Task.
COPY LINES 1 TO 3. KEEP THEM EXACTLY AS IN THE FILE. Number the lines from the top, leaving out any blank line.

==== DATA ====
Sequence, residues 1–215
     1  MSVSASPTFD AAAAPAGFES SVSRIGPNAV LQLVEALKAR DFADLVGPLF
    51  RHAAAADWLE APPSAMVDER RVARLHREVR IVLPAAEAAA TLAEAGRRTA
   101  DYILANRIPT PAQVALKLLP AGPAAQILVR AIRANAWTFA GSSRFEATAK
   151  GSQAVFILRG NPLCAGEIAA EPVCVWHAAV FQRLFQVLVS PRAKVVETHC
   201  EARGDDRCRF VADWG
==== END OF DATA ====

Sequence, residues 1–215
     1  MSVSASPTFD AAAAPAGFES SVSRIGPNAV LQLVEALKAR DFADLVGPLF
    51  RHAAAADWLE APPSAMVDER RVARLHREVR IVLPAAEAAA TLAEAGRRTA